Should the FDA Make Some Pharmaceutical Drugs Over-The-Counter?
In a story written up by the Associated Press and published on Opposing Views, the Food & Drug Administration (FDA) will soon consider whether or not to classify some pharmaceutical drugs as over-the-counter medications.
In other words, the drugs will no longer require a doctor visit and a prescription. As Opposing Views points out, the FDA's "top priority" has been drug safety, but some diabetes drugs (like Actos) have proven unsafe for use in many patients.
The FDA will probably not classify Actos as an over-the-counter medication. As the FDA itself has stated, a patient who has taken Actos in high-enough doses or for a long period of time can find him- or herself at a 40 percent greater risk of bladder cancer.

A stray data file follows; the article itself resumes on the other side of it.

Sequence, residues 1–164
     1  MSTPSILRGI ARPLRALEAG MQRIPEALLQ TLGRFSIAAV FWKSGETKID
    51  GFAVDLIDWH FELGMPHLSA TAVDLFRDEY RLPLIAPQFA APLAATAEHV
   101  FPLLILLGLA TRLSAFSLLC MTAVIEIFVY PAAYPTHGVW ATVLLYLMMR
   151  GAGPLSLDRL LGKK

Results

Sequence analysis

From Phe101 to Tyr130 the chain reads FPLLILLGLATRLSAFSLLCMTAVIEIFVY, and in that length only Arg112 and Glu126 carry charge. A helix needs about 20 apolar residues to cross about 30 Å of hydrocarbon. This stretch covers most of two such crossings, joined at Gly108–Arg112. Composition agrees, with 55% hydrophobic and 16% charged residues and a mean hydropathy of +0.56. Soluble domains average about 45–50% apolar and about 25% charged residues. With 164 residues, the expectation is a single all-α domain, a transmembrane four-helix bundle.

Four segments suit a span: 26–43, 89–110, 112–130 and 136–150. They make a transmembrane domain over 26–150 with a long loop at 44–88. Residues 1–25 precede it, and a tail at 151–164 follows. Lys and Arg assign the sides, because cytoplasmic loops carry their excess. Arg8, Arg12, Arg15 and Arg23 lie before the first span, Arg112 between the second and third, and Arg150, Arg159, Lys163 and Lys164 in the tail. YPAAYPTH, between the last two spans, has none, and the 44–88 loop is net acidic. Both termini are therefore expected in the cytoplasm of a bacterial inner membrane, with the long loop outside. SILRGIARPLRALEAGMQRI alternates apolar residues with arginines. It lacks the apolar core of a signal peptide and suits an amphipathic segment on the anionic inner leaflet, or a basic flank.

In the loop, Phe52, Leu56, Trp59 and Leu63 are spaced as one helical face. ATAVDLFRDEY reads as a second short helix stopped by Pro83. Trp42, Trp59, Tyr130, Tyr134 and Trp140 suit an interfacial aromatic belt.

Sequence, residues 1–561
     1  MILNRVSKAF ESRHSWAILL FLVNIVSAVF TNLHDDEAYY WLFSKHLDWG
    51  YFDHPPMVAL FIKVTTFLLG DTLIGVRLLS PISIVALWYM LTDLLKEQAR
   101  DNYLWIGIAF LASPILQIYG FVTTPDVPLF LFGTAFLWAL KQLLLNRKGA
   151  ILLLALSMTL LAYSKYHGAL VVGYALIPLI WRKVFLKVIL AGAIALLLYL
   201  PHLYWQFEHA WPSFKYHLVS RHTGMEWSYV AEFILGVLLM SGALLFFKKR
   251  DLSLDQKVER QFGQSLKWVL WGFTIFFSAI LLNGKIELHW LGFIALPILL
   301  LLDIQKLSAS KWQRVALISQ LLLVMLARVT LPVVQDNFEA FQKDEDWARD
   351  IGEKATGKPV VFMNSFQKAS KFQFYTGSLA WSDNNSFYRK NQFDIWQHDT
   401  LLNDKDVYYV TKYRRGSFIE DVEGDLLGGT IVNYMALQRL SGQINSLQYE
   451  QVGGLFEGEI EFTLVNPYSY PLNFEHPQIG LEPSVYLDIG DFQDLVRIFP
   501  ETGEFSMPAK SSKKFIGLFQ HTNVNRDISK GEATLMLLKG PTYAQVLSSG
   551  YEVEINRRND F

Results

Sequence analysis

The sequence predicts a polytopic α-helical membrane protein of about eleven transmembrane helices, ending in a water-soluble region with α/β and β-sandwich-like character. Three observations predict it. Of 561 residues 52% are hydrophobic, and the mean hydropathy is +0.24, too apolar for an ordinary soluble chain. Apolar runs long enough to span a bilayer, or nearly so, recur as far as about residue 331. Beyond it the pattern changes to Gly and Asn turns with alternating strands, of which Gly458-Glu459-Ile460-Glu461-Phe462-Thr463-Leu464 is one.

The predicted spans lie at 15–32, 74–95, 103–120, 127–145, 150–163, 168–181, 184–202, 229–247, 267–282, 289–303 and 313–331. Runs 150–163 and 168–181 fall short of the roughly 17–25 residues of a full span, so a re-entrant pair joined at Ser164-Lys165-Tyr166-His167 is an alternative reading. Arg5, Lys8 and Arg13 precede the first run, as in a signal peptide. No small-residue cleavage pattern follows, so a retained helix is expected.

Thus, it seems likely that Actos use by patients will continue to be vetted and monitored by doctor visits and a prescription. However, the intended purpose of the reclassification of some pharmaceutical drugs, as the Associated Press reports, is to speed up the approval process (which drug companies complain takes too long) and bring new drugs to market.
But the side effects of new drugs are often not known right away, as in the case of Actos, which had been approved. If the right safeguards aren't in place, speeding up the approval process and reclassifying some medications might prove to harm more patients than it helps.